In the hands of 16th Century masters like Bronzino, drawings were rarely considered artworks in themselves, but studies in preparation of more finished works like paintings or frescoes. They were a means to an end, a step in the process. Yet, drawings from those times are valued now as highly beautiful works of art in themselves, and rightly so.
Agnolo Bronzino was born Agnolo di Cosimo di Mariano Tori, and known as Il Bronzino for reasons that are unclear but may have had to do with his complexion, or that of his subjects. He had the good fortune to become a pupil of another great Florentine artist, Jacopo Pontormo, who was only nine years older then his pupil. Their styles are similar in may ways; they maintained a collaborative relationship for most of their careers, and attributions of works sometimes flop back and forth.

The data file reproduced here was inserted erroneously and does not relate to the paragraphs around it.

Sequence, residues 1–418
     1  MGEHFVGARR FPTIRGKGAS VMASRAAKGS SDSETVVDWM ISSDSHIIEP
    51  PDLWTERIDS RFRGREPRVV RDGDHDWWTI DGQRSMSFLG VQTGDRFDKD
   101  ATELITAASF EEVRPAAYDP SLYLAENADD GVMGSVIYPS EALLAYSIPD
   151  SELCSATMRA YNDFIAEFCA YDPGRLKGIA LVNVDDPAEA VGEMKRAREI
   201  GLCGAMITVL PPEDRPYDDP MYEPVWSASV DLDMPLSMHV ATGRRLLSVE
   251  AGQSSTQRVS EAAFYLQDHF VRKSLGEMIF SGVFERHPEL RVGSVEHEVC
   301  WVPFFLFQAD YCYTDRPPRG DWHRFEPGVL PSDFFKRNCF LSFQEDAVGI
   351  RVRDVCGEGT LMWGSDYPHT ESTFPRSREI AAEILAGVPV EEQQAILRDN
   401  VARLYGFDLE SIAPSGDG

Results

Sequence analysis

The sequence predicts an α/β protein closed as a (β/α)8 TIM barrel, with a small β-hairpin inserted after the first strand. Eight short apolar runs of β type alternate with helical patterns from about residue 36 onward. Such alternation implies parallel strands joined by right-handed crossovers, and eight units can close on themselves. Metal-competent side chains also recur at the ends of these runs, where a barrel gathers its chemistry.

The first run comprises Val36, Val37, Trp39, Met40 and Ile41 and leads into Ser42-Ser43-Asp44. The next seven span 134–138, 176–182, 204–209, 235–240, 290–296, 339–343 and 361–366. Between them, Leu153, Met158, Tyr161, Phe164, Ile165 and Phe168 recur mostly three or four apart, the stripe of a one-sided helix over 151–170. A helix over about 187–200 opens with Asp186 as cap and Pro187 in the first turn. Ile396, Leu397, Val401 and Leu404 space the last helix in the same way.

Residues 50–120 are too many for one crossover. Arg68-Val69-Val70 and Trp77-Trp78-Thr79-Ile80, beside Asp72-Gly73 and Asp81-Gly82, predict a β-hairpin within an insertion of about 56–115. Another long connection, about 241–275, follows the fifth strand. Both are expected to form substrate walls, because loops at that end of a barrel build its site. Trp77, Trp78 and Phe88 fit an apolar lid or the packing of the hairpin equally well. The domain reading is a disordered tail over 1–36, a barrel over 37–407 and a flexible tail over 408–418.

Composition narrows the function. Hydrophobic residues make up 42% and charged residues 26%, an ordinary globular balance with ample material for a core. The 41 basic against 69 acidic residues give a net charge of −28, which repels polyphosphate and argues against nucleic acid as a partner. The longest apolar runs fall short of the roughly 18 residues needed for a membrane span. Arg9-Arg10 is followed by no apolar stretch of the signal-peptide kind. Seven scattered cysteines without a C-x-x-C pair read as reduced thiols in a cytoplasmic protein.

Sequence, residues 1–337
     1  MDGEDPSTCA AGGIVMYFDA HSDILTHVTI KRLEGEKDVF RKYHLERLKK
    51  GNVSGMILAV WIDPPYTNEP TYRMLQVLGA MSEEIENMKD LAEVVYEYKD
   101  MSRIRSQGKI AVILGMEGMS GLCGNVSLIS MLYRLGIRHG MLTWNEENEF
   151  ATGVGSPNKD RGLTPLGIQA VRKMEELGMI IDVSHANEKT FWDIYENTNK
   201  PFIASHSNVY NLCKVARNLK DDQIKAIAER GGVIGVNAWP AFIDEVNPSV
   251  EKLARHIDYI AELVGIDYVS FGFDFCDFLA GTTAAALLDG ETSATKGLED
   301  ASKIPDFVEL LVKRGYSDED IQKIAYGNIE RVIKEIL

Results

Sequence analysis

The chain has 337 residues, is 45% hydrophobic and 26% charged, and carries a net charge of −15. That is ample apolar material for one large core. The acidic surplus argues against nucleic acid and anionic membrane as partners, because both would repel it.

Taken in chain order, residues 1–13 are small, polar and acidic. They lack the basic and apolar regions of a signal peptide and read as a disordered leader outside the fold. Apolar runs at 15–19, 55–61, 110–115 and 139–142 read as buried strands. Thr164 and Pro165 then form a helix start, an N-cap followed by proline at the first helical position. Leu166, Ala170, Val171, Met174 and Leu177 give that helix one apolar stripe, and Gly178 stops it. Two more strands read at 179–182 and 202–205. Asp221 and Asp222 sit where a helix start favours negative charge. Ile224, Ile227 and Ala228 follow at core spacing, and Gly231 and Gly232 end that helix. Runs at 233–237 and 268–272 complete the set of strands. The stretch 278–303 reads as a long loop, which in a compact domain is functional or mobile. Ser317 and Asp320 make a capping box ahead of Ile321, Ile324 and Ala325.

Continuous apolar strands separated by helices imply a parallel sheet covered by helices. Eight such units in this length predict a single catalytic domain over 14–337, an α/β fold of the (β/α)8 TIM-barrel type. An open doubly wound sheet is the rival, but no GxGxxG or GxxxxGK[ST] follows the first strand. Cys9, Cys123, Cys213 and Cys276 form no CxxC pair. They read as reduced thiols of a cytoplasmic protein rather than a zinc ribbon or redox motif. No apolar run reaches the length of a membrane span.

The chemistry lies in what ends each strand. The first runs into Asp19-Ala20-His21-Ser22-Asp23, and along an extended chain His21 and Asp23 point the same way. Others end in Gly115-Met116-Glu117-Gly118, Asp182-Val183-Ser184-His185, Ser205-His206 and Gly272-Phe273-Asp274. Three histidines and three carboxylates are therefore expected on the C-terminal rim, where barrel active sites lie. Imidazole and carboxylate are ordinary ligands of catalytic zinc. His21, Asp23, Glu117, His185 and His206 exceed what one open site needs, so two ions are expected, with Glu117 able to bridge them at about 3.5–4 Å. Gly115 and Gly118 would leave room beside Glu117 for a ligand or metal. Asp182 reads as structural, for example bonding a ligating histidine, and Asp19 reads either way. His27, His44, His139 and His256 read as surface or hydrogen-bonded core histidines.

Bronzino’s drawings show that similarity at times, and a similar level of command of draftsmanship, line and tone; which is to say, very high indeed. (I also see similarities to the chalk drawings of Raphael in his isolated figures.)
The Metropolitan Museum of Art has mounted an exhibit, the first ever devoted to Bronzino, The Drawings of Bronzino, that contains 60 drawings drawn from sources in the U.S. and Europe. There is a selection of drawings from the exhibit here.
There is a book accompanying the exhibit, also titled The Drawings of Bronzino. The exhibit runs until April 18. 2010.